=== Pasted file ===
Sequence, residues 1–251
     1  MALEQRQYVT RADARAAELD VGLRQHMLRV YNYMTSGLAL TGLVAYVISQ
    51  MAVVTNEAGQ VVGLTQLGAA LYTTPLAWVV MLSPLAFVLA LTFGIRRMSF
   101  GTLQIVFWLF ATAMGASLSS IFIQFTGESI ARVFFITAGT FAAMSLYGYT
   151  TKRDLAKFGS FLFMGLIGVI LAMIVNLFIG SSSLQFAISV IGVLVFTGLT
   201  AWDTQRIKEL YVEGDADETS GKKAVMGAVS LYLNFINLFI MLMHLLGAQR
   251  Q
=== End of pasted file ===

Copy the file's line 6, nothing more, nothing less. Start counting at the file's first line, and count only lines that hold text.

   201  AWDTQRIKEL YVEGDADETS GKKAVMGAVS LYLNFINLFI MLMHLLGAQR